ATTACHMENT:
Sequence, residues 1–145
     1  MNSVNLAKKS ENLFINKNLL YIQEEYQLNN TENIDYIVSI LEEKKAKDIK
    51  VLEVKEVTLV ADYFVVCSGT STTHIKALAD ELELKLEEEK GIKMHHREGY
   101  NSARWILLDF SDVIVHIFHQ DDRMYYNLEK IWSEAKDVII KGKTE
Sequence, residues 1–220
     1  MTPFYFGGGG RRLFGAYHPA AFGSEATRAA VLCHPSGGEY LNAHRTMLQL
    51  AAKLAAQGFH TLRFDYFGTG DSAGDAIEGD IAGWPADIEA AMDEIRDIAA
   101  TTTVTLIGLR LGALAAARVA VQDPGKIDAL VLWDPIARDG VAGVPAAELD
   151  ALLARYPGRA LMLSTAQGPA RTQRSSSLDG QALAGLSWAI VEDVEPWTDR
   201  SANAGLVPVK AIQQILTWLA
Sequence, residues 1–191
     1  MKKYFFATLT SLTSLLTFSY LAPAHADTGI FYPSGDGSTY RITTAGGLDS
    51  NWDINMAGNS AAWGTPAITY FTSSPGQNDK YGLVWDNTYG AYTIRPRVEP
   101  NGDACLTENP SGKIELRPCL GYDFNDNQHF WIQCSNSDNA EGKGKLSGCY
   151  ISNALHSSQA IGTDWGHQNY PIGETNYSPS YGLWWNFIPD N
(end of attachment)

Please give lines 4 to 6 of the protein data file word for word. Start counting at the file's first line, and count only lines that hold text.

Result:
   101  NSARWILLDF SDVIVHIFHQ DDRMYYNLEK IWSEAKDVII KGKTE
Sequence, residues 1–220
     1  MTPFYFGGGG RRLFGAYHPA AFGSEATRAA VLCHPSGGEY LNAHRTMLQL